Estimating the size of the Tor network required two procedures. First, we had to run the spider for enough time to crawl the majority of the onion sites. Second, we had to remove any duplicates from the count. For the former, we measured the rate of new, live domains found per day. This started out at around 2,000 new domains per day and leveled off about two months later. While we do still find some new domains, the overall rate is small enough that there is a high probability that we have found the vast majority of sites that are reachable from our current set of onion pages. It is possible that there are sites that are not reachable from our starting lists of onion sites, which the crawler will never find. While we cannot rule that out, the breadth of our starting lists gives us confidence that we have found the vast majority of onion sites that exist.
To count domains after data was collected, we removed any duplicates. One of the largest sources of duplication was 5,941 duplicates of the Deep Dot Web onion site. For an unknown reason, there are thousands of variations for the onion domain for this site using different placements of a non-printing character in the URL. The domains vary only by this inclusion of a unicode character that is not printable. This character, the “soft hyphen,” or “SHY” in unicode, is not visible in the URL bar when copying and pasting the domain. It also appears to have no effect on the returned site, with the same webpage returned regardless of the SHY character. From a human’s point of view, the modified Tor site URL will be an exact copy and will load the same site, but the non-printing characters are visible when the URL is rendered as raw characters, such as when viewing the raw HTML for the site containing the link.
It is unclear why Deep Dot Web has decided to use such a great number of different spellings of their domain that are all indistinguishable visually. One possible explanation could be that they are trying to prevent others from indexing their site. In 2015, Deep Dot Web reported having to aggressively shut down fake copies of their onion site that had the onion urls of popular markets replaced by phishing links. We did not attempt to evaluate this strange behavior further, and just removed the duplicate domains from our counts.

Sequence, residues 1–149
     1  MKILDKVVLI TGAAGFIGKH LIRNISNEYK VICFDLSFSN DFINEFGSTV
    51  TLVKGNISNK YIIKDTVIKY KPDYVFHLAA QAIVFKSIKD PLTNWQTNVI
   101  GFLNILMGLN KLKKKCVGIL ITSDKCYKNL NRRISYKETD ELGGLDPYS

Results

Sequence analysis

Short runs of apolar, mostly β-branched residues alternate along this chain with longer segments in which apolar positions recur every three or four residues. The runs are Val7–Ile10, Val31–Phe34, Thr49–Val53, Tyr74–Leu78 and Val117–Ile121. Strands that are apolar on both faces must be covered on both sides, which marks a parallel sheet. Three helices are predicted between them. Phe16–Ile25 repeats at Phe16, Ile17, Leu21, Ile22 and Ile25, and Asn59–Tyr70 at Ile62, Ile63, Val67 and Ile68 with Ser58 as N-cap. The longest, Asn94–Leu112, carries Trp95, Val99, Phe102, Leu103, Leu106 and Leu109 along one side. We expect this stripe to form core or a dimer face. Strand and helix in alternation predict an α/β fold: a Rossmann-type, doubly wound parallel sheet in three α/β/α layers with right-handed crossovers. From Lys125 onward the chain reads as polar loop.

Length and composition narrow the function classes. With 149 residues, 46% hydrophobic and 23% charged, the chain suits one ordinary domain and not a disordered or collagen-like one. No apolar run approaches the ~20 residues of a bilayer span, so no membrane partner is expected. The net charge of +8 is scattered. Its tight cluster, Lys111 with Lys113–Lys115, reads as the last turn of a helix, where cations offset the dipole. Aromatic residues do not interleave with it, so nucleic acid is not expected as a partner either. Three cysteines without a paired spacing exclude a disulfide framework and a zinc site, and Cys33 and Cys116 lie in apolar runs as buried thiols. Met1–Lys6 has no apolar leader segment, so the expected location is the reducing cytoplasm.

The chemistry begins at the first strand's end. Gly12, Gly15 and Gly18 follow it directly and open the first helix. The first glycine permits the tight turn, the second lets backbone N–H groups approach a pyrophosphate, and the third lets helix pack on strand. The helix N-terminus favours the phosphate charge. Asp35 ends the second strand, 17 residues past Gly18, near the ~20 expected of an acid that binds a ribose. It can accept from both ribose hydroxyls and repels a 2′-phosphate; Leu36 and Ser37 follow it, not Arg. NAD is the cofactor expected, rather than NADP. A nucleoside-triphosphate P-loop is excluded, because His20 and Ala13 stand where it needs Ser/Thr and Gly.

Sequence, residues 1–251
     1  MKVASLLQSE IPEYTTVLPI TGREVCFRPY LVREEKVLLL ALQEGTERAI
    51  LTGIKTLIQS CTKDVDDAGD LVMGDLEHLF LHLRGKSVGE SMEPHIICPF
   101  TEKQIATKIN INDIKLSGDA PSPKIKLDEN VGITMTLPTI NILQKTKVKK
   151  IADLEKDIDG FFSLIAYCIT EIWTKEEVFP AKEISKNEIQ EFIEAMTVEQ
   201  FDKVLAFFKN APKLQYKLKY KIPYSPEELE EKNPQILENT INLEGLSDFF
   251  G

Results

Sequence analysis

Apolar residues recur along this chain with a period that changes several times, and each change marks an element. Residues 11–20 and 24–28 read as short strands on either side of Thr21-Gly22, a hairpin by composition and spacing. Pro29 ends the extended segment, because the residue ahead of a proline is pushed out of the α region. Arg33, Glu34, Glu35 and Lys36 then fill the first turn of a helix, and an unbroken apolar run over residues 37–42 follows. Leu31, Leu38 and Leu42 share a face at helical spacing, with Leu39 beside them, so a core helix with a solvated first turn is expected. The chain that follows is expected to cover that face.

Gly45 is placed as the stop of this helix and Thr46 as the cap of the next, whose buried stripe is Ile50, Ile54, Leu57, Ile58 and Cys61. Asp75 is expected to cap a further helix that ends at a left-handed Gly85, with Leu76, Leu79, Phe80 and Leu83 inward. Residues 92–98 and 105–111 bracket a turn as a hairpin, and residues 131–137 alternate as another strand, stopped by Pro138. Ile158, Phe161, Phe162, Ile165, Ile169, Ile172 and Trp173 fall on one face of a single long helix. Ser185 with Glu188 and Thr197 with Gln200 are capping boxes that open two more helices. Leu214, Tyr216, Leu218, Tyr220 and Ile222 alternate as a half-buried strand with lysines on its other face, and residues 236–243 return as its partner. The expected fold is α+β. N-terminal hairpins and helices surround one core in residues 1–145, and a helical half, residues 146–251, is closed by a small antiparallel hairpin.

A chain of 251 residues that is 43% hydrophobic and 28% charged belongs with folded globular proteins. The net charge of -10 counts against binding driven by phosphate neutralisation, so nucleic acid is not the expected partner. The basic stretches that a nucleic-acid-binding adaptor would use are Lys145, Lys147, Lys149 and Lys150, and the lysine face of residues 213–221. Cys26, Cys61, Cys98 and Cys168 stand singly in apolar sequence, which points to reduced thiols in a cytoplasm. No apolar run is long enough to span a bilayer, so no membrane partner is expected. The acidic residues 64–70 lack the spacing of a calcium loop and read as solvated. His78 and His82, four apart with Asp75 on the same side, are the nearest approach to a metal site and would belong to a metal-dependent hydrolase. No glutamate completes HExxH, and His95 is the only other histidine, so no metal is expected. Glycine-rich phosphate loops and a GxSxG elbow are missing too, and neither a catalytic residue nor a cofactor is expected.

We did not attempt to determine how many unique servers were underlying the domains we observed. Given that some hosting services may host thousands of sites, like in the case of Daniel’s hosting service, we estimate that the number of different servers is in the hundreds or low thousands. Additional work would be required to obtain greater certainty.
To load onion urls, we only used browser-default ports 443 and 80. It is possible that a portion of failed urls will load correctly if requested via different ports. This is another potential future expansion on this work as the spider continues its ongoing scraping.
The contents of all live onion pages scraped with the spider are added to the Recorded Future® Platform.
The dark web is many things, but it is not the vast sprawling network of steely-eyed, hardened criminals that some might imagine it to be. Its 8,400 live onion domains are a tiny fraction of the surface web, with only 15% being live out of a mere 55,000 onion sites total. Onion sites are easy prey for attacks and scams like the “Thank You” typosquatting scam. It is more homogeneous, with 86% of onion sites primarily in English. The part of the dark web that does live up to its reputation is the set of top-tier criminal forums. Inbound link analysis of a select set of sites that we view as top-tier confirmed that they do indeed have less visibility, measured by a reduced number of links pointing to them.
If you’re curious for more, with the Recorded Future platform, you can see all of our spidered content yourself and get a deeper sense of what the dark web really is.